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DIRECT, MATERNAL, AND SIBSOCIAL GENETIC EFFECTS ON INDIVIDUAL AND COLONY TRAITS IN AN ANT
Article first published online: 8 MAY 2007
Volume 60, Issue 12, pages 2552–2561, December 2006
How to Cite
Linksvayer, T. A. (2006), DIRECT, MATERNAL, AND SIBSOCIAL GENETIC EFFECTS ON INDIVIDUAL AND COLONY TRAITS IN AN ANT. Evolution, 60: 2552–2561. doi: 10.1111/j.0014-3820.2006.tb01889.x
- Issue published online: 8 MAY 2007
- Article first published online: 8 MAY 2007
- Received January 11, 2006. Accepted September 9, 2006.
- Caste ratio;
- indirect genetic effects;
- kin selection;
- queen-worker conflict;
- sex ratio;
- social evolution.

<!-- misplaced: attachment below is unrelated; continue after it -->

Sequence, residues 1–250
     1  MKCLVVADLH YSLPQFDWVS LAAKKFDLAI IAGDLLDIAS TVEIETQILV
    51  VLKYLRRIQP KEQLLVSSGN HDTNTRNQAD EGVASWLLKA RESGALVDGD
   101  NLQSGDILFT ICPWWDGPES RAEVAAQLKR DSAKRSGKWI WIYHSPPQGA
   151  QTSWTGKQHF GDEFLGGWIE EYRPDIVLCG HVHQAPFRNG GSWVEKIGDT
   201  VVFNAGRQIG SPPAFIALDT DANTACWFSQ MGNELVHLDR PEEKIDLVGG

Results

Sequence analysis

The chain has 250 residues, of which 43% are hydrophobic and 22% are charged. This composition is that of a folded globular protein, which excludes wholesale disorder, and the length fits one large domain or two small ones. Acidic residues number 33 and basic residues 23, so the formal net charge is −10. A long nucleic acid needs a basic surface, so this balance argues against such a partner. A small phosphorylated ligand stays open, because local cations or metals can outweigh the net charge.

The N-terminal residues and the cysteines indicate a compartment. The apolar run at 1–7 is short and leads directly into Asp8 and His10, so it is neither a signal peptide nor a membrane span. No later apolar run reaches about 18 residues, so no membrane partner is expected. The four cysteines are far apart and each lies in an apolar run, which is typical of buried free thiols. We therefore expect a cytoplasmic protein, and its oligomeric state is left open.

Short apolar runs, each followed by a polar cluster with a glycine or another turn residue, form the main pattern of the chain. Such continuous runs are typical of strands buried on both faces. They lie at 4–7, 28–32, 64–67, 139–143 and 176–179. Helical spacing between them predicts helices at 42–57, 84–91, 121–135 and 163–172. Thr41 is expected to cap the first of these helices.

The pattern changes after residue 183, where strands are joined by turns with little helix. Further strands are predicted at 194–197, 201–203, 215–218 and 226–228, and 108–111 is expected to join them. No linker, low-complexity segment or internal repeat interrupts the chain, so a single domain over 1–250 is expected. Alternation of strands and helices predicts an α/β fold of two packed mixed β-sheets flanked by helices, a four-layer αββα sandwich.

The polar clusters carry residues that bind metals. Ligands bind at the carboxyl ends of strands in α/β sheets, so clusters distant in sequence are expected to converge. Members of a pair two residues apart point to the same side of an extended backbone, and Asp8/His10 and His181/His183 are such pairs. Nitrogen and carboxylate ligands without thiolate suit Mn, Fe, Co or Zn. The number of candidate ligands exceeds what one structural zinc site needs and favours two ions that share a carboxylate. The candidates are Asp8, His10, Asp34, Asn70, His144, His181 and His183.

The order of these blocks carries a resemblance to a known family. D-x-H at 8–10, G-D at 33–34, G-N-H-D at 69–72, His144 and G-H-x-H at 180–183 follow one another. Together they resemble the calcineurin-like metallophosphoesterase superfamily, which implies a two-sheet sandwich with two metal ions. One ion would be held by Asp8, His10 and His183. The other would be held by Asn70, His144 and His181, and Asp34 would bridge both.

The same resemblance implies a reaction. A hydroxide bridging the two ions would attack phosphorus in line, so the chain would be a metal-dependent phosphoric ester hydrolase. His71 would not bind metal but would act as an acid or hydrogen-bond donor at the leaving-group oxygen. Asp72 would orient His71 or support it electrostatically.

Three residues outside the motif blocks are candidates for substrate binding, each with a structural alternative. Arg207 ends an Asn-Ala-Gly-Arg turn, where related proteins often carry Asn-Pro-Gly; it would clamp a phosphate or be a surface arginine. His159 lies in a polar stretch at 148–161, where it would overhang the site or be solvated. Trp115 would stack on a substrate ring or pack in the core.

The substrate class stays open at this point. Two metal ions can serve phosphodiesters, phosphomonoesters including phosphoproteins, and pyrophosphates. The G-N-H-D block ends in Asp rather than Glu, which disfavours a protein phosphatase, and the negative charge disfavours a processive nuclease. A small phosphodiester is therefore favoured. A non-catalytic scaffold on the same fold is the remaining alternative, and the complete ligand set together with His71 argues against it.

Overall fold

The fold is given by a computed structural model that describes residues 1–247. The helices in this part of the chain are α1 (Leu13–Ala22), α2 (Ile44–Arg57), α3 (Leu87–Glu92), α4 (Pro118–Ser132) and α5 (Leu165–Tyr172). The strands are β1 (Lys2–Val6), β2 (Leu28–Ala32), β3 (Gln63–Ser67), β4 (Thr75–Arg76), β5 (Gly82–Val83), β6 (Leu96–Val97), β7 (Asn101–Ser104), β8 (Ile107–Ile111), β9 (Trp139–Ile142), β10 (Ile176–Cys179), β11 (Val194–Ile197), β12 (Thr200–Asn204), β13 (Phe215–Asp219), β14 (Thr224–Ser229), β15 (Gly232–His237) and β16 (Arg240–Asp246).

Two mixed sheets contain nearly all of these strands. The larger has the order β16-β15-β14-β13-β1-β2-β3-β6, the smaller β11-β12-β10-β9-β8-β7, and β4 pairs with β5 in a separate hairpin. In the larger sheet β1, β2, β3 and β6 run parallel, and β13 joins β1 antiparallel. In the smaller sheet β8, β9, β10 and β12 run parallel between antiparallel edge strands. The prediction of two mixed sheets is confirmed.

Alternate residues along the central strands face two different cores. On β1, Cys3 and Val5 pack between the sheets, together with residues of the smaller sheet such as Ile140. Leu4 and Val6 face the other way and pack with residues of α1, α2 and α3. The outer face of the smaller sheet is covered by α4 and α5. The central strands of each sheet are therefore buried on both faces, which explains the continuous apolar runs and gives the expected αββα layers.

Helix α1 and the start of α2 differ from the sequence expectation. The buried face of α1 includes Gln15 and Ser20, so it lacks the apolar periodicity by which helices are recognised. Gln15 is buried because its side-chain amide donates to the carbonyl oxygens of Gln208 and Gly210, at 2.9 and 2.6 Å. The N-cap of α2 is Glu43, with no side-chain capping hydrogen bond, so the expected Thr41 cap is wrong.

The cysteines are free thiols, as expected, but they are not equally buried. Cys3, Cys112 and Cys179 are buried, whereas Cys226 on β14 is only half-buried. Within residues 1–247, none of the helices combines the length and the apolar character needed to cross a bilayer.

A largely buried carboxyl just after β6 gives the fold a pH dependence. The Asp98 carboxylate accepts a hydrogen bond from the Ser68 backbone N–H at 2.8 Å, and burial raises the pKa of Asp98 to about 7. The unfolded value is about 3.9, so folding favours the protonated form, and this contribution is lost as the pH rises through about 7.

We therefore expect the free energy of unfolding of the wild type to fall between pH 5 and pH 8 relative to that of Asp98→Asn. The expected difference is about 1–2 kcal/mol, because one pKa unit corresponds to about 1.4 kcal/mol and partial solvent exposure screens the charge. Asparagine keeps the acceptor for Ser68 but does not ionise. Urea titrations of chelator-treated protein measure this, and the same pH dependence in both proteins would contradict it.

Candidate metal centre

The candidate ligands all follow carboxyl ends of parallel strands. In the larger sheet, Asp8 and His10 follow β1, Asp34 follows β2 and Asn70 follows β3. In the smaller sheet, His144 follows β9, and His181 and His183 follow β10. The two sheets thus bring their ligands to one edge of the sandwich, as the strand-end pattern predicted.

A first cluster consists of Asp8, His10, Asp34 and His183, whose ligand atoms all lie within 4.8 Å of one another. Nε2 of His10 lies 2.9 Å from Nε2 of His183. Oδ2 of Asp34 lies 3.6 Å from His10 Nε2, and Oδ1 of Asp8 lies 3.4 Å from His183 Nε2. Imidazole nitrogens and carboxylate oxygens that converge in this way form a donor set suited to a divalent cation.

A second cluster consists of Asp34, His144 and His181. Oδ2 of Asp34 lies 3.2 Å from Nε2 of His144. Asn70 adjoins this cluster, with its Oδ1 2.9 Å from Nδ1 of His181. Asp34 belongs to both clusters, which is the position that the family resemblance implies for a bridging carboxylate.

Abstract When social interactions occur, the phenotype of an individual is influenced directly by its own genes (direct genetic effects) but also indirectly by genes expressed in social partners (indirect genetic effects). Social insect colonies are characterized by extensive behavioral interactions among workers, brood, and queens so that indirect genetic effects are particularly relevant. I used a series of experimental manipulations to disentangle the contribution of direct effects, maternal (queen) effects, and sibsocial (worker) effects to variation for worker, gyne, and male mass; caste ratio; and sex ratio in the ant Temnothorax curvispinosus. The results indicate genetic variance for direct, maternal, and sibsocial effects for all traits, except for male mass there was no significant maternal variance, and for sex ratio the variance for direct effects was not separable from maternal variance for the primary sex ratio. Estimates of genetic correlations between direct, maternal, and sibsocial effects were generally negative, indicating that these effects may not evolve independently. These results have broad implications for social insect evolution. For example, the genetic architecture underlying social insect traits may constrain the realization of evolutionary conflicts between social partners.